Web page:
Michael Lindstrom

Assistant Adjunct Professor (Program in Computing)

NSERC Postdoctoral Fellow

PhD, Applied Mathematics, University of British Columbia, 2015

Department of Mathematics,
University of California, Los Angeles

Email: M I K E L at math dot ucla dot edu
Phone: 310 825 3049
Office: Mathematical Sciences 5622

my picture

Contents

Hi! My name is Mike. Thanks for visiting my mathematics webpage. I am an applied mathematician. You can learn more about what I do by navigating through the tabs.

About Me

Academic:

I'm an Assistant Adjunct Professor for the Program in Computing at the University of California, Los Angeles, and an NSERC Postdoctoral Fellow. I completed my doctor of philosophy at the University of British Columbia in Vancouver, BC, Canada. Having reached the "other side" in that I'm no longer a grad student has its perks, but like being a grad student, this is only a temporary position and I don't know where I'll be after this.

My main responsibilities include research (see some of my topics of interest below) and teaching programming courses.

I've always enjoyed the applications of math more than the theories, although theory can be both useful and beautiful. I've worked on a variety of applied projects, with a few currently underway - see the research portion of this page for details of the various projects. To be very brief, the problems I'm currently working on are:

These projects combine many fascinating mathematical fields including ordinary and partial differential equations, machine learning, asymptotic analysis (analytic approximation schemes), and numerical analysis (studying how the problems can be coded and accurately solved with a computer). At the end of the day, though, being able to say something about the real world is what motivates me most (although the math is super cool!!!).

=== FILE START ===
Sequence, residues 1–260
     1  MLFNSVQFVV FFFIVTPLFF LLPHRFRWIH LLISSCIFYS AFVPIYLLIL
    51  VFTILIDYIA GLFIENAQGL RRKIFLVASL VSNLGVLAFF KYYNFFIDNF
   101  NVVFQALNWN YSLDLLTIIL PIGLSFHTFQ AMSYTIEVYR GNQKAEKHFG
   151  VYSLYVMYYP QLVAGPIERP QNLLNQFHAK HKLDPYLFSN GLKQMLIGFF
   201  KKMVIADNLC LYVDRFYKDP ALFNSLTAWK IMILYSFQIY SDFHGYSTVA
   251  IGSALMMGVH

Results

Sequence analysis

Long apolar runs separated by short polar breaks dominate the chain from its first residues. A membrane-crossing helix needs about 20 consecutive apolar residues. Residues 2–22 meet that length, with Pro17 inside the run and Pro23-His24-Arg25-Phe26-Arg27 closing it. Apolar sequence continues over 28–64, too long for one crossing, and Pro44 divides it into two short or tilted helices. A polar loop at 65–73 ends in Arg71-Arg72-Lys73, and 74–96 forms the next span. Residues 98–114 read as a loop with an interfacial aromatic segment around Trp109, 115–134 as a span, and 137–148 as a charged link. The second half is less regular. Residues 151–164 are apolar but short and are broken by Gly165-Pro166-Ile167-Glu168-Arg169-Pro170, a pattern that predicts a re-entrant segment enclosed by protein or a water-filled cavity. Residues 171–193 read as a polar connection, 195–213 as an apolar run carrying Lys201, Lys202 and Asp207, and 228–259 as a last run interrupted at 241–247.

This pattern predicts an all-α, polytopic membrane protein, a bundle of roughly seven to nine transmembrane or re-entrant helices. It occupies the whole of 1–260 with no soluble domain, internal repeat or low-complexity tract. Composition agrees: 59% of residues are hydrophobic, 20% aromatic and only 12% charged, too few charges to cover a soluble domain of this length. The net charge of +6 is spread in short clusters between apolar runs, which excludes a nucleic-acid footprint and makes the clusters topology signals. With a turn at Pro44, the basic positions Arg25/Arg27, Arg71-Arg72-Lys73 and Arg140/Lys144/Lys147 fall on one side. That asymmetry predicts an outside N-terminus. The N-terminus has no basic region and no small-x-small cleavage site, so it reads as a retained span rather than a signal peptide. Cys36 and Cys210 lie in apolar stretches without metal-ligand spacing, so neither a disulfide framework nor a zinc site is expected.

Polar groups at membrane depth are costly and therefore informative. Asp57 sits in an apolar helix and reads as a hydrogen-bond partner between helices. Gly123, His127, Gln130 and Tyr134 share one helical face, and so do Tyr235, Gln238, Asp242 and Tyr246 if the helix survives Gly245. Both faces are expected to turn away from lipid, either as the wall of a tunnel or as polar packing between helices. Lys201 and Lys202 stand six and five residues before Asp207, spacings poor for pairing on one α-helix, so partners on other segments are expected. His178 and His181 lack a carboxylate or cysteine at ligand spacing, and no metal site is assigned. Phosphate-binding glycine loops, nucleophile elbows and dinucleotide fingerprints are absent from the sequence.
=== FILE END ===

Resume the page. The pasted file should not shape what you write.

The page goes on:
Personal:

I grew up in Winnipeg, Manitoba—the mosquito capital of Canada... also famous for the fantastically cold winters, which I am pleasantly reminded of each year when I go back to see family and friends over the break.

I completed my university education in the beautiful city of Vancouver, British Columbia, with tons of beautiful parks and hiking trails in close proximity. I'll miss Vancouver's stellar public transit system, close proximity to nature, and amazing simultaneous views of the mountains and ocean! I guess the main thing I like about LA so far is the winter (I prefer it to the summer). And the food is pretty good, but public transportation is lacking, so it's hard to get out an enjoy.

I really like hiking and being out in nature. Some other interests include: classical music - many pieces by Beethoven, Vivaldi, Mozart, Bach, Handel, or even very ancient, traditional music; languages (French and I know a little Mandarin); cats (they are such amazing creatures); healthy eating, including organic/raw/vegan foods (I'm almost exclusively vegan these days), green juices, local and sustainable food; and meditation (I am very interested in ancient traditions and their practices and I have been involved as a volunteer in teaching meditation and supporting such endeavours for several years).

I'm also a fan of Piled Higher and Deeper comics (reasonably accurate depictions of what it's like to be a grad student - so many memories...).


Mentoring

Over the years I have worked with small groups of students on research projects. Most of these projects you'll see described elsewhere on this page, but I wanted to highlight these specific projects here. The students have done amazing work and these collaborative projects have been among the most enjoyable experiences I've had in academia. It's really fun to have students getting involved in research.

In order of most distant to most recent:


Teaching

Teaching Positions

I am currently teaching courses at UCLA. Prior to this, I taught for 6 years at UBC.